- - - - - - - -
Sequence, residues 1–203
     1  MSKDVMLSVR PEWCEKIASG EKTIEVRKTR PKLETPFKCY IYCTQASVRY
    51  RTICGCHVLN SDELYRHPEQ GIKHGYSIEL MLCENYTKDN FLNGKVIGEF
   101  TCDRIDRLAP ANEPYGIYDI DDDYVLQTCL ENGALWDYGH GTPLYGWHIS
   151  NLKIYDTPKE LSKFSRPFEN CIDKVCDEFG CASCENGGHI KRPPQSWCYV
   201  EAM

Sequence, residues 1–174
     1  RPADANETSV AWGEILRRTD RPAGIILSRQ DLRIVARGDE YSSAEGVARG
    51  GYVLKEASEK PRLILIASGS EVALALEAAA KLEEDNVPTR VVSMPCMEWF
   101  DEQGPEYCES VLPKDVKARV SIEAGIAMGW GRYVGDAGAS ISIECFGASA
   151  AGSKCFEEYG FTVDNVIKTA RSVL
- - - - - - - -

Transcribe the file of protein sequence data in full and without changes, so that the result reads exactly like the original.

Sequence, residues 1–203
     1  MSKDVMLSVR PEWCEKIASG EKTIEVRKTR PKLETPFKCY IYCTQASVRY
    51  RTICGCHVLN SDELYRHPEQ GIKHGYSIEL MLCENYTKDN FLNGKVIGEF
   101  TCDRIDRLAP ANEPYGIYDI DDDYVLQTCL ENGALWDYGH GTPLYGWHIS
   151  NLKIYDTPKE LSKFSRPFEN CIDKVCDEFG CASCENGGHI KRPPQSWCYV
   201  EAM

Sequence, residues 1–174
     1  RPADANETSV AWGEILRRTD RPAGIILSRQ DLRIVARGDE YSSAEGVARG
    51  GYVLKEASEK PRLILIASGS EVALALEAAA KLEEDNVPTR VVSMPCMEWF
   101  DEQGPEYCES VLPKDVKARV SIEAGIAMGW GRYVGDAGAS ISIECFGASA
   151  AGSKCFEEYG FTVDNVIKTA RSVL